Rob Bell tells a great story in Love Wins about meeting a man who used to stay up all night smoking pot and drawing at his kitchen table. One night he was doing this as usual, when he became aware of an overwhelming presence of warmth and love. The power of this was so strong that he was unable to remain in his chair and found himself on the ground, lying prostrate on the kitchen floor- he knew without a doubt that this was God telling him that he was loved absolutely and unconditionally and that the only possible path for his life was to receive that love and become a follower of Jesus. From that moment on, his life was never the same again (LW 140).
Many of us hear stories like these- people who have encountered God in some mysterious way and in the strangest of circumstances. We might think, “Isn’t it great how God works?” or “God does work in mysterious ways,” and then there are others, if we’re honest, who hear stories similar to the man in his kitchen and think, “Must have been some weed!” (140). And of course the Bible is full of stories where people encounter God in many different ways- just think of Moses and the burning bush, Elijah and the still small voice, Isaiah’s vision and the creatures who touched his lips with coal that he might become a prophet, the angel Gabriel appearing to Mary, the Holy Spirit coming like tongues of fire. We’ve all heard these bizarre stories, and still in our world today- many that we might easily dismiss, but they do all have one thing in common- people claim to experience God in a way that is true for them. So that leads me to ask this question: In what kind of world do we live? Is it open or closed? Are we opened or closed to the endless possibilities of God? Or are we alone in the world? Should we dismiss those experiences that creep in out of nowhere that offer us grace and warmth and truth, even in the middle of the night, in the middle of our own worst nightmares? And what do these experiences have to do with Jesus?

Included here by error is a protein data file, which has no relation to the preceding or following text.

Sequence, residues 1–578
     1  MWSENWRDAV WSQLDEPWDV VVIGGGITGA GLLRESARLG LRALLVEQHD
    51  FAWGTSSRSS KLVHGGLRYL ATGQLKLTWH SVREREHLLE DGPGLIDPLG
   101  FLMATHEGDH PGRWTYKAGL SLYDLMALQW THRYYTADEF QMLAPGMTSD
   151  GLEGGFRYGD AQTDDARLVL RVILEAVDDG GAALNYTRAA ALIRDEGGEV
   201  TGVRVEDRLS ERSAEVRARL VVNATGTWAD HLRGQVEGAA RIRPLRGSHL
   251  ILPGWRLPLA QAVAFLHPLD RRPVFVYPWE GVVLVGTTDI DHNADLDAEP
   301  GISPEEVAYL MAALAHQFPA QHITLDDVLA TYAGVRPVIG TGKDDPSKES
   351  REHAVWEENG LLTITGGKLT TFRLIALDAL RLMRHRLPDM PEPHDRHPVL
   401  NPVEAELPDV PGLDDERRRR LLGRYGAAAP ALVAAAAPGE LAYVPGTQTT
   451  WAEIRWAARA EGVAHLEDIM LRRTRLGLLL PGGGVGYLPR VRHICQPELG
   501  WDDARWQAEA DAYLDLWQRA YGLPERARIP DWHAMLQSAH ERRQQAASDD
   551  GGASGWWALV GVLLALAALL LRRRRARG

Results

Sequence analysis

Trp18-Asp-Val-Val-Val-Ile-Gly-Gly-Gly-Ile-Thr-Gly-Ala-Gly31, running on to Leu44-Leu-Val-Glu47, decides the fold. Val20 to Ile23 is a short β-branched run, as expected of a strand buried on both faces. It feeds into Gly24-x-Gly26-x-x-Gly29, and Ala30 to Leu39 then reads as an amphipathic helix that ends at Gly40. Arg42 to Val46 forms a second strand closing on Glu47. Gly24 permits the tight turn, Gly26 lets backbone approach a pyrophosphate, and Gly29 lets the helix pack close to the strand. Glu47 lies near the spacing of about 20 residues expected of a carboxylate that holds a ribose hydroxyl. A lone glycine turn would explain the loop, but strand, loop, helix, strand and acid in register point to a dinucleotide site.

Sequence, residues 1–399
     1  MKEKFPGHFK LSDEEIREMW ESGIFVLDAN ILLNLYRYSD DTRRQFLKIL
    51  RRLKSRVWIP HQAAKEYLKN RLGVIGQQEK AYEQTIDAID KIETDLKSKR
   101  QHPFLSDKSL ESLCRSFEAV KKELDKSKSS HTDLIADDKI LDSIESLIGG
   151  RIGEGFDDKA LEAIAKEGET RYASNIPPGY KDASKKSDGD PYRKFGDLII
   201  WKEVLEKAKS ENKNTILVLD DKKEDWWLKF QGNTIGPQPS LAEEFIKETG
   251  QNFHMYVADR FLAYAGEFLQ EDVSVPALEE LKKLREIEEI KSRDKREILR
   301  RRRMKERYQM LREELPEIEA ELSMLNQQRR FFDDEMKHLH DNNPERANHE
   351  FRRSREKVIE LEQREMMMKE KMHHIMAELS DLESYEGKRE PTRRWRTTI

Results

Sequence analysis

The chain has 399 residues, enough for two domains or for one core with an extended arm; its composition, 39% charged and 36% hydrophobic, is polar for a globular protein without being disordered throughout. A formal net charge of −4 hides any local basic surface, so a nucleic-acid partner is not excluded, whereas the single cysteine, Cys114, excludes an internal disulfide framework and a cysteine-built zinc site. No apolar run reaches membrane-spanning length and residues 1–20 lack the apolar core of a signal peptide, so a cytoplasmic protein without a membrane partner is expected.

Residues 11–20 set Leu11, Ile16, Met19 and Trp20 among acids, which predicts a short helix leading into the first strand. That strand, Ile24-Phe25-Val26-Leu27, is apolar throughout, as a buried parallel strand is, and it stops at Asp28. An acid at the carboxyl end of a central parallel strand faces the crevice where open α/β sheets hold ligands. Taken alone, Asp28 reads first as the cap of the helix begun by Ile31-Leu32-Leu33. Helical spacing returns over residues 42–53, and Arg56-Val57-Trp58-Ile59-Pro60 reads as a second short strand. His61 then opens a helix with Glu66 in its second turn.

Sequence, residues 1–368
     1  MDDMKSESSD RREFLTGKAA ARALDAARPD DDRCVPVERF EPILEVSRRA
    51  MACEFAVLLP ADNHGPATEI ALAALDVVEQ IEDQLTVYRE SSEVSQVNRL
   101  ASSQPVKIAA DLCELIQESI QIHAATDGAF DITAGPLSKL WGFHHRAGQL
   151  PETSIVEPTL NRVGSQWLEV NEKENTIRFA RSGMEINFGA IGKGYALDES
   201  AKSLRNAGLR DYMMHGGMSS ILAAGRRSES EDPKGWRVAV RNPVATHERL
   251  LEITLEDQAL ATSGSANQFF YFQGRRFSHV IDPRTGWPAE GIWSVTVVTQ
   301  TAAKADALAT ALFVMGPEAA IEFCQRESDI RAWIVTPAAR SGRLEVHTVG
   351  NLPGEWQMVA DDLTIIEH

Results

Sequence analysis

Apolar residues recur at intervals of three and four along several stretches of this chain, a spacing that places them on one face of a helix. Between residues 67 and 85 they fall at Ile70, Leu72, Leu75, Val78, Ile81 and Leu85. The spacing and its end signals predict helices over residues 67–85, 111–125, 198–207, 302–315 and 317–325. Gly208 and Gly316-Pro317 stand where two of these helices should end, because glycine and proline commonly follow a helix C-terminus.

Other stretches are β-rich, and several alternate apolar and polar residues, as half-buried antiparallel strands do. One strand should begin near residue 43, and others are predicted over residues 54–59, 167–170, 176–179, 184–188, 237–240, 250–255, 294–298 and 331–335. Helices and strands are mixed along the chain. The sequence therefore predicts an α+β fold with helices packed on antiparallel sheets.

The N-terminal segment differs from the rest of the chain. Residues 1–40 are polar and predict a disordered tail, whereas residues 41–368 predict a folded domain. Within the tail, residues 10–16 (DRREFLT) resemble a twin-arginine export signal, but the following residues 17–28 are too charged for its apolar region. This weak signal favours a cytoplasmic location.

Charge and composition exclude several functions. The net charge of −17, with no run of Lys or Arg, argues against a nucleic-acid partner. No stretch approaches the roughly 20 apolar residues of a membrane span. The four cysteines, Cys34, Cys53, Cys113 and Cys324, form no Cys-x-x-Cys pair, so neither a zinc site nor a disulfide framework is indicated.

To answer that, let’s look at our text from Exodus today which tells the story of Moses and the rock. The Israelites have been freed from slavery in Egypt and they are wandering the desert. It’s not going well. They are thirsty and cannot find water to drink, and they are angry at Moses (what else is new?!). So God tells Moses to strike a rock with his staff in front of the people and water will come out. It’s one of those strange stories- with a strange rock. We don’t hear about the rock again in Exodus, but we do hear about it again thousands of years later when Paul writes about it in 1 Corinthians. He refers to the rock, saying that those who traveled out of Egypt “drank from the spiritual rock that accompanied them, and that rock was Christ.” Umm, what? That rock was…Jesus? Of course he isn’t mentioned in the story, but Paul reads this story while insisting that Jesus was present in that moment providing the water they need to survive. Jesus was the life giving, thirst quenching, sustaining element they needed most. According to Paul, Jesus was the rock. Now whether you agree with this interpretation or not, it does raise a good question- Where else has Christ been present? When else? With who else? How else? Paul finds Jesus there as the rock because Paul finds Jesus everywhere (144).